Strictly speaking, it is evident that the United States has no intention of invading to liberate anyone incarcerated at the Hague. On the other hand, historically, wars have been started on weaker pretenses. What is measured as appropriate has a way of changing.

As to letter and intent of the bill, I must concur with Rook. On the other hand, K9 has struck directly to the humor in this needless effort of Congress in regards to our sovereignty. It is fascinating to suppose that anyone would be imprisoned and have it not be "against that person's will". This is a broad attack directly against the jurisdiction and authority of the court. If the intent of the DeLay Amendment was really to protect U.S. military personnel on U.N. Peacekeeping missions, then the amendment should just say so - by being so vague it throws our entire relationship with the court into a realm of doubt. The U.S. undermines the court anytime it involves U.S. citizens in any way, and then we expect it to act with authority when we want it to.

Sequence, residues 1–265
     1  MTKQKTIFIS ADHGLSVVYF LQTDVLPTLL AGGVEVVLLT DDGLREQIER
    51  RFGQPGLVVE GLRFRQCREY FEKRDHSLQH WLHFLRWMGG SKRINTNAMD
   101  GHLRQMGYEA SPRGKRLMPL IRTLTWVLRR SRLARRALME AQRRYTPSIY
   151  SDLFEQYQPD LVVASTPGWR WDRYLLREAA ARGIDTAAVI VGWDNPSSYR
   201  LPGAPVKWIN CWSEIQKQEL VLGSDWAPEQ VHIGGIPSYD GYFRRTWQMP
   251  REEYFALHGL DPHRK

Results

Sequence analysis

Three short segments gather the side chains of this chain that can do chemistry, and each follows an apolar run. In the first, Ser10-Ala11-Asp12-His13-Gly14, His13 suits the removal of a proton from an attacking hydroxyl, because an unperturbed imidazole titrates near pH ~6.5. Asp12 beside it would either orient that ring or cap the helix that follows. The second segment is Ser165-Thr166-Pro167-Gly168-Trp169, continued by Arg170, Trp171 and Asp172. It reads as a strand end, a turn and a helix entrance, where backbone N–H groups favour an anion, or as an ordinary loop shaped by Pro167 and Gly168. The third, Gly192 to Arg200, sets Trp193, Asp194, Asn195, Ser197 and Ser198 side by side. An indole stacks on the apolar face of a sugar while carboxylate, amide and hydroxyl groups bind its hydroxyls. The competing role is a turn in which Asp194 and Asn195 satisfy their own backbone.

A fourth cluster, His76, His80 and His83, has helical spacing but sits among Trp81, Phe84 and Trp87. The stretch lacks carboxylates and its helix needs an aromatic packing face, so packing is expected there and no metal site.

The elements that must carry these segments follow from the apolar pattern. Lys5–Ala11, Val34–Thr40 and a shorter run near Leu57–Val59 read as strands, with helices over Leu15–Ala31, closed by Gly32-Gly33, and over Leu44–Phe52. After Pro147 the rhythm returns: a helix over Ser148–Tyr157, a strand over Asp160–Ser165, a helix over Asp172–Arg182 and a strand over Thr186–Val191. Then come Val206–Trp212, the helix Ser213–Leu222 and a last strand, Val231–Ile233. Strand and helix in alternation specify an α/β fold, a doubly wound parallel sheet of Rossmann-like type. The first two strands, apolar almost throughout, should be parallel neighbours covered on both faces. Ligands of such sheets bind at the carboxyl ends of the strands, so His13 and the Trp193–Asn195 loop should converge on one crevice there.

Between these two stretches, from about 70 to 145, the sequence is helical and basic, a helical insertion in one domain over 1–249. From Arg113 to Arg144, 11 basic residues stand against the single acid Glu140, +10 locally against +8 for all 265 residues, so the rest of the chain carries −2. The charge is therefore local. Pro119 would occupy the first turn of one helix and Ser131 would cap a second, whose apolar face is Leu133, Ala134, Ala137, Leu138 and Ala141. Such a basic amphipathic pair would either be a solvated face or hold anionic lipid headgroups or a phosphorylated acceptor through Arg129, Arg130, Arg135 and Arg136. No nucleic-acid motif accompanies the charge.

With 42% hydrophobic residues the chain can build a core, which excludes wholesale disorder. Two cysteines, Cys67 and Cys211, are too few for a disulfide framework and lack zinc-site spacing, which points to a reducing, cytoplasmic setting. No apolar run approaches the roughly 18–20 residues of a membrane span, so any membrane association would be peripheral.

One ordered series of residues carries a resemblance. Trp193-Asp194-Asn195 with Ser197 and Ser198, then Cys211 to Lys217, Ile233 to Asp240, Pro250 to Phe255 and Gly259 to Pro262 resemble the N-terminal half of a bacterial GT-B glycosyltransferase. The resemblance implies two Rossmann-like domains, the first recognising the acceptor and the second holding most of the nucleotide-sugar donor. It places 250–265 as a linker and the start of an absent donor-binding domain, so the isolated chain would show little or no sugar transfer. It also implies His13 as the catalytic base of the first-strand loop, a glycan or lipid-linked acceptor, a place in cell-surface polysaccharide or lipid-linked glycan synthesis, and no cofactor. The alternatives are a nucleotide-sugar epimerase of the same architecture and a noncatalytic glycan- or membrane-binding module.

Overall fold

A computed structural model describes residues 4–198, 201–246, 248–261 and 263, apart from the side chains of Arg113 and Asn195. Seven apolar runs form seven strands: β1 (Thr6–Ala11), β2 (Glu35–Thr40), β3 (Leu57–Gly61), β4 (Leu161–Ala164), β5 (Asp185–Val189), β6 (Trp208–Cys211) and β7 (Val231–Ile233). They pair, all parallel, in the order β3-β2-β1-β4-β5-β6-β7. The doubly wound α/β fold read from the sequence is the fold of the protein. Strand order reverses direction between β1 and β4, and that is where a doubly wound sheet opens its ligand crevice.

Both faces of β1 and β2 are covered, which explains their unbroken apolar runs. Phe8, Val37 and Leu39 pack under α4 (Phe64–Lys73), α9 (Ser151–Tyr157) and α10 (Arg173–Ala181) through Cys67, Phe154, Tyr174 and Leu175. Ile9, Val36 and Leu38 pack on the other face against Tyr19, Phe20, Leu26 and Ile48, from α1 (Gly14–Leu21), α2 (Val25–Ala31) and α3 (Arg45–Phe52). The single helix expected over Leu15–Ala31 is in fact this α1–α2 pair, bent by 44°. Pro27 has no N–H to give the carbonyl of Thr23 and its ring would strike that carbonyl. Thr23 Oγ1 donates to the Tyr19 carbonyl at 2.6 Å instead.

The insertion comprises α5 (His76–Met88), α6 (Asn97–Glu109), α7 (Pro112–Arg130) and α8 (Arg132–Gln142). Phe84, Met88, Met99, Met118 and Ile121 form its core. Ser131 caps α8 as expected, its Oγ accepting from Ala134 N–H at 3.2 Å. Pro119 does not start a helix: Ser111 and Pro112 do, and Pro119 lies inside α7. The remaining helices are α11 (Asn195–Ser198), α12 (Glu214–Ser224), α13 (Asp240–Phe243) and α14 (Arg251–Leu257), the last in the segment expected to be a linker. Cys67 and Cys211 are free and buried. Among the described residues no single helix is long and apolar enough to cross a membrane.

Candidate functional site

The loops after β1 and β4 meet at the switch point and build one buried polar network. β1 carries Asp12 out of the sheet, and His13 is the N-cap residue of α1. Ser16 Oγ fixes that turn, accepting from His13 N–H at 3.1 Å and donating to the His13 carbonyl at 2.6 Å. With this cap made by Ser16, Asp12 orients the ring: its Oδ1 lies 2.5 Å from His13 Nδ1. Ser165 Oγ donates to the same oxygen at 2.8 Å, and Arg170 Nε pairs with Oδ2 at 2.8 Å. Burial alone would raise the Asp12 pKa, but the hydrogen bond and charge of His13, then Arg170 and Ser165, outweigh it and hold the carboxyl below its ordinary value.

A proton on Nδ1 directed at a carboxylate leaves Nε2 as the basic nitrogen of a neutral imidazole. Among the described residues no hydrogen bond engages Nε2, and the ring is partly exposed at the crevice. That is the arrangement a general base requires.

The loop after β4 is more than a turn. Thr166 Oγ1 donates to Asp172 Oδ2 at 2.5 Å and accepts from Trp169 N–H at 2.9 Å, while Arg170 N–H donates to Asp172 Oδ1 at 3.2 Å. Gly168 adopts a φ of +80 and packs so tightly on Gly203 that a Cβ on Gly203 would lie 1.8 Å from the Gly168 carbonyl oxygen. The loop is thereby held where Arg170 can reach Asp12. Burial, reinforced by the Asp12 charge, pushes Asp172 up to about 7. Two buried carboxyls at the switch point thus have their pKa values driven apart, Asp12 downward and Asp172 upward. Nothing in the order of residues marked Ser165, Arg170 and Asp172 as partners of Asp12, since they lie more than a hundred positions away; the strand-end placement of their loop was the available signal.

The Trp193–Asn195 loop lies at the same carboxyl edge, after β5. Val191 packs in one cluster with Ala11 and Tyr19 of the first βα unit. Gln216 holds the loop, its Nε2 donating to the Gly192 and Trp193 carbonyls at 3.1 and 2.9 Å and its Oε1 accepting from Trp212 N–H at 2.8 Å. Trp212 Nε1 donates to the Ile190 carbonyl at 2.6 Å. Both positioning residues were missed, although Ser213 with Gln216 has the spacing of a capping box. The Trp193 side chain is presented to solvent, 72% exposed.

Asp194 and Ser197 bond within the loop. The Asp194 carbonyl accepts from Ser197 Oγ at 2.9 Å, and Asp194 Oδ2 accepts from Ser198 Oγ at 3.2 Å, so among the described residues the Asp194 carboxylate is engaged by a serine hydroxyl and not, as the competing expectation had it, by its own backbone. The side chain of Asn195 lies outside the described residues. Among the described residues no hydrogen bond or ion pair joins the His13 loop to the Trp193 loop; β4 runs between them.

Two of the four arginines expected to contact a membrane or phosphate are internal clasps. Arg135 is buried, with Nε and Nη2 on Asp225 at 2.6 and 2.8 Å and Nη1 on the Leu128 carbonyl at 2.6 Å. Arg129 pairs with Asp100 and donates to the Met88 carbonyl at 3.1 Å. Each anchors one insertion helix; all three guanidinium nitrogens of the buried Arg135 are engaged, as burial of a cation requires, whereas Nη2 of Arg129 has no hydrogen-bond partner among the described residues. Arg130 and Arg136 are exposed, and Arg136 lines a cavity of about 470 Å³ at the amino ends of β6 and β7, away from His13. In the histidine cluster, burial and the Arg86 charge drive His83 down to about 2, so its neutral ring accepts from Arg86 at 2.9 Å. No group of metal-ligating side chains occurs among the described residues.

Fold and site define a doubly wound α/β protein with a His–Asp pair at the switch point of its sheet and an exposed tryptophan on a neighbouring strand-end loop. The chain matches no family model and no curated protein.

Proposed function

And if the problem is the U.N. and peacekeeping itself, rather than the court... Nigeria has had over 2,000 casualties over the last 10 years serving peacekeeping and spent over $7 billion in that time span. Quite impressive for a politically unstable state. Embarassing really, given the complaining that the U.S. Congress regularly carries out.

Sadly, we inch ever closer to isolationism.